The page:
-----|---------|    |   |        |       |
            |         |    |   |        |       |
            |         |    |   |        |       |
  ----------|---------|----+---|--------|-------|----- x
            a                                   b

And the area is:

 Area = section 1  + section 2  + section 3  + section 4
      = avg(x,1) w + avg(x,2) w + avg(x,3) w + avg(x,4) w

where w is the width of each section.  The sections are all
the same size, so in this case w=(b-a)/4 or in English,
"the width of a thin slice of the x axis or 1/4 of the
width from a to b."

And if we write this with a sumation we get:

 Area =  /   avg(x,n) w

But it's still not accurate enough.  Let's use
an infinite number of sections.  Now our area
becomes a summation of an infinite number of sections.
Since it's an infinite sum, we will use the
integral sign instead of the summation sign:

 Area =  | avg(x) w

where avg(x) for an infinitely thin section will be
equal to f(x) in that section, and w will be "the width of
an infinitely thin section of the x axis."

So instead of avg(x) we can write f(x), because they are
the same if the average is taken over an infinitely small width.

And we can rename the w variable to anything we want.
The width of a section is the difference between the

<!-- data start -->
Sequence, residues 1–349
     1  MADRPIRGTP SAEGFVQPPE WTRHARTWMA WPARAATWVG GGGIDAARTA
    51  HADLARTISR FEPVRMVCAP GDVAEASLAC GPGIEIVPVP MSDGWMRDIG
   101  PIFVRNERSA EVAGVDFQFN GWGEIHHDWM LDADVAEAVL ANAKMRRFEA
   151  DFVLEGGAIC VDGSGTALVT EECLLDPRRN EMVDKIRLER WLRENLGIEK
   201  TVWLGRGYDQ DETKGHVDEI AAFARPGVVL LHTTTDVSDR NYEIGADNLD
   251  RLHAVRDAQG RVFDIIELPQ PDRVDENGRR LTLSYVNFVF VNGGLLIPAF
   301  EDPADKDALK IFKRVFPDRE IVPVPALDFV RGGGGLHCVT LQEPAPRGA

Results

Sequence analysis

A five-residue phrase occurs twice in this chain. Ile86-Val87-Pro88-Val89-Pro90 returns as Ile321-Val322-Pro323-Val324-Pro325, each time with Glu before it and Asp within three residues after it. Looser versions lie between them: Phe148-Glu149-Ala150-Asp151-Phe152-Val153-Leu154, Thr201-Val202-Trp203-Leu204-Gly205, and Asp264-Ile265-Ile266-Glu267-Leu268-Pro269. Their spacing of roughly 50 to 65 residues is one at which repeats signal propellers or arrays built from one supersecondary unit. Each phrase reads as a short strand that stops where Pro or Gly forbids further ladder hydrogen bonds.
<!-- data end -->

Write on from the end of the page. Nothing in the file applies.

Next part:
right side and the left side.  The difference between
two points is often called the delta of those values.
So the difference of two x values (like a and b) would
be called delta-x.  But that is too long to use in an
equation, so when we have an infinitely small delta,
it is shortened to dx.

If we replace avg(x) and w with these equivalent things:

 Area =  | f(x) dx

So what the equation says is:

Area equals the sum of an infinite number of rectangles
that are f(x) high and dx wide (where dx is an infinitely
small distance).

So you need the dx because otherwise you aren't summing
up rectangles and your answer wouldn't be total area.

dx literally means "an infinitely small width of x".

It even means this in derivatives.  A derivative of
a function is the slope of the graph at that point.
Slope is usually measured as the y difference of two
points divided by the x difference of those points:

  Slope = (y2 - y1) / (x2 - x1)

But the closer these points get the smaller these
differences get.  Let's start calling them deltas,
because the difference between two points is often
called the delta of those values.

  Slope = delta-y / delta-x

The deltas get smaller and smaller as these two x,y
points get closer and closer.  When they are an
infinitely small distance apart, then the delta-y
and delta-x is shortened to dy and dx:

  Slope = dy / dx

The slope is still Slope = (y2 - y1) / (x2 - x1)
but these points are infinitely close together, so
we use dy and dx to tell ourselves that they are
infinitely close or "differential distances."

Does that help?  Let me know if you still have questions.

- Doctor Jeremiah, The Math Forum

Date: 02/22/2002 at 05:40:21
From: Nosson
Subject: What does the dx in an integral really mean?

Thanks for your answer, Jeremiah. That makes a lot of sense. I 
appreciate the time that you took to write out the answer, as 
well as your promptness.

Associated Topics:
College Calculus
High School Calculus